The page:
In Retrospect

Moments that mattered in 2016.
Edited by Amy Mulvihill - December 2016
-Photography by Geoff Lawrence


Ellicott City Decimated by Flash Flooding

In just two hours on the evening of July 30, a storm dumped 6.5 inches of rain on Ellicott City, producing a deluge that swept down the town’s historic Main Street, inflicted $23 million of damage, and caused two deaths. The world witnessed the chaos via viral videos, but even those showed only a fraction of the devastation. When the waters of the usually picturesque Tiber and Hudson rivers finally receded, the downtown was strewn with flipped cars, collapsed roads and sidewalks, and a thick coating of mud. Many businesses, particularly those at the bottom of the sloped Main Street, lost everything. Still, the community vowed to rebuild and rallied with fundraisers. A few less severely damaged businesses reopened in late August, but others remain boarded up as business owners wrestle with insurance claims and await infrastructure repairs. (The town received federal disaster designation in September.) Meanwhile, authorities are mulling how to incorporate better storm water management practices in the flood-prone town.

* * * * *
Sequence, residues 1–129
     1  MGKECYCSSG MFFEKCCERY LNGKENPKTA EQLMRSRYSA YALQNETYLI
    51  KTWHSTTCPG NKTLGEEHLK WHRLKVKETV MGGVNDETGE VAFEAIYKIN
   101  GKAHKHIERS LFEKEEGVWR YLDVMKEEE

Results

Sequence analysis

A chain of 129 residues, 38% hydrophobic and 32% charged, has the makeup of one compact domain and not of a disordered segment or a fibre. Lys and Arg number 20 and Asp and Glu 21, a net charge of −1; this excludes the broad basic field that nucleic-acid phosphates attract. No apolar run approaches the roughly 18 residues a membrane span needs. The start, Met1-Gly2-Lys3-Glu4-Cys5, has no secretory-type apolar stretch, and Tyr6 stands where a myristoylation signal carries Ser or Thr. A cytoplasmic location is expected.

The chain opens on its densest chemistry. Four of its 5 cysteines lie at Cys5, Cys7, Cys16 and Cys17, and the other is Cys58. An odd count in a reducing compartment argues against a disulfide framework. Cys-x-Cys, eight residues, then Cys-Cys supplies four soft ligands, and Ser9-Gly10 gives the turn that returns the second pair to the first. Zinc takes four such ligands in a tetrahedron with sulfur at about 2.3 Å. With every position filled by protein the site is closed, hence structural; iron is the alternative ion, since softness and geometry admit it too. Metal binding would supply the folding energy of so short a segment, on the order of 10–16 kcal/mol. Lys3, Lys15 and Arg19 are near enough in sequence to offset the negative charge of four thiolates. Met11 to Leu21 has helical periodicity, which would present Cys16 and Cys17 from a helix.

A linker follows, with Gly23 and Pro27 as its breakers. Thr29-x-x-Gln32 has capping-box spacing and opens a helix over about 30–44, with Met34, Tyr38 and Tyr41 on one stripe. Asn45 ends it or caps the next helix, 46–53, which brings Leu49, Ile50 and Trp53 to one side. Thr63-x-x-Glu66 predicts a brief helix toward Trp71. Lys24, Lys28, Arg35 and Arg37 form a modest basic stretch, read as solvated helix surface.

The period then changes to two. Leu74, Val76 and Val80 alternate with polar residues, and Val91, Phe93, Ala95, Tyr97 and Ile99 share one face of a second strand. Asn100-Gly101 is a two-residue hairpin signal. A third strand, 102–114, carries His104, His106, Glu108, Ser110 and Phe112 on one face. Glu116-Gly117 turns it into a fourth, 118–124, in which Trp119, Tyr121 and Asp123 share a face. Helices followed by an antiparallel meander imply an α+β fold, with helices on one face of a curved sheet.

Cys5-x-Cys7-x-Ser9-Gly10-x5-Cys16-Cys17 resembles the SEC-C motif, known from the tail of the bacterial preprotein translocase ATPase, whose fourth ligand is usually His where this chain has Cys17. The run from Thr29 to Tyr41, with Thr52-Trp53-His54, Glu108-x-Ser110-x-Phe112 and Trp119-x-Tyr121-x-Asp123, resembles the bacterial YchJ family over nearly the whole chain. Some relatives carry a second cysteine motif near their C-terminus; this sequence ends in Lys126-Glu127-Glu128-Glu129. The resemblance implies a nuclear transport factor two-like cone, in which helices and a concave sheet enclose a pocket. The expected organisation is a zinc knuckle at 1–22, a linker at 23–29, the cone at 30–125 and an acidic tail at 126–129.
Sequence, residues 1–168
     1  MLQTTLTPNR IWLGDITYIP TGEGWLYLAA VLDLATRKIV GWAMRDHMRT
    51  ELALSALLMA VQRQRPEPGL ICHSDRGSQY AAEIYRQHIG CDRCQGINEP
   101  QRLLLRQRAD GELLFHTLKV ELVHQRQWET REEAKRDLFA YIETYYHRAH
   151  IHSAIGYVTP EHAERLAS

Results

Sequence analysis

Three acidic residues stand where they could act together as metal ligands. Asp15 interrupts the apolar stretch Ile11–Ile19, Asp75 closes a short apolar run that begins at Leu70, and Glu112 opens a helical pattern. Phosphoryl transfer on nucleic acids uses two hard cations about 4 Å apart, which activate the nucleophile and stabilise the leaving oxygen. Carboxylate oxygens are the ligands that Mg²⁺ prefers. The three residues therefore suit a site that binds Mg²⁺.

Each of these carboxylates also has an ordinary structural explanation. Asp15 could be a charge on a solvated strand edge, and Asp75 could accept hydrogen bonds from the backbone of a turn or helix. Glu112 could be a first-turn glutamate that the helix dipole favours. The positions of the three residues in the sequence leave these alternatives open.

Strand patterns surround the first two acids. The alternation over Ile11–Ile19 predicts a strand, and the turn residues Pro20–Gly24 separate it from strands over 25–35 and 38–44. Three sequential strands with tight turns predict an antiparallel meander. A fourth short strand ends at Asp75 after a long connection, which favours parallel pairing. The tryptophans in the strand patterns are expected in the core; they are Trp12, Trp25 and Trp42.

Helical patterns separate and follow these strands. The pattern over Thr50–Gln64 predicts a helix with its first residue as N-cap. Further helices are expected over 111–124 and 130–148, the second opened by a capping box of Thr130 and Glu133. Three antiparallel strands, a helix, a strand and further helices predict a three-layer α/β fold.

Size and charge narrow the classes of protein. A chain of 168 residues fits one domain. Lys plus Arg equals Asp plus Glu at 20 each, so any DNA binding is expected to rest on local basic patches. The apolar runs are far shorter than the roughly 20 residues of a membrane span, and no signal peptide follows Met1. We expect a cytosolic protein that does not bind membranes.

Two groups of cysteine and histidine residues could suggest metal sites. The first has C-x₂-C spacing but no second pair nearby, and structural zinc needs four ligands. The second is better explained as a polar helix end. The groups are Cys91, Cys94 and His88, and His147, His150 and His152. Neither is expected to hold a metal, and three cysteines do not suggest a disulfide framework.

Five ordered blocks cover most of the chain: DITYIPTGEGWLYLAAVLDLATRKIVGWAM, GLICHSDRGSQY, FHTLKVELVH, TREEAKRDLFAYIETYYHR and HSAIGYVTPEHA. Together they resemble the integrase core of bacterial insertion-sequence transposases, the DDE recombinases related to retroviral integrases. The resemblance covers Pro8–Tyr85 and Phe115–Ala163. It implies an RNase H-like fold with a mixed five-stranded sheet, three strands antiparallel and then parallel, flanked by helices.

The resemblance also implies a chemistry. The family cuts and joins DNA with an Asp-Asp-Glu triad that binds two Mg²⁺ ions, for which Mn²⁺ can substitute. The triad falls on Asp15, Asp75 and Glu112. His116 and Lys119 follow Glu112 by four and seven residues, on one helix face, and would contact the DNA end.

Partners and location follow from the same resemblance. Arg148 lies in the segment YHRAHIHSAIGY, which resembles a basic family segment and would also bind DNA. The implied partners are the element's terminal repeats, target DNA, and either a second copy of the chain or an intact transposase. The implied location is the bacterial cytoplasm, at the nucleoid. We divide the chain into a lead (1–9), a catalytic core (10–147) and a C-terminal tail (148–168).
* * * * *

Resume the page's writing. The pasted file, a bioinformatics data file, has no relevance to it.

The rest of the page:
Photography by Geoff Lawrence


“The difficulty this community has is it’s at the bottom of a funnel.”

—Jim Caldwell, director of the Howard County Office of Community Sustainability


Department of Justice Drops Scathing Report on Baltimore Police

Soon after the death of 25-year-old Freddie Gray in April 2015, the U.S. Department of Justice launched an investigation of the Baltimore City Police Department. On Aug. 10 of this year, the DOJ’s 163-page report was released to the public and a press conference was held in which Mayor Stephanie Rawlings-Blake, Police Commissioner Kevin Davis, and DOJ representative Vanita Gupta discussed the findings. Chief among them: Police routinely violated the civil rights of the city’s black residents, the department lacked proper oversight and was sometimes negligent in cases of sexual assault, the department needed improved transparency and community engagement, and as a whole, BPD needed upgraded technology and infrastructure. The findings formed the basis for the first steps toward a negotiated settlement, or a “consent decree,” and the city and DOJ are currently locked in negotiations, which will mandate specific reforms.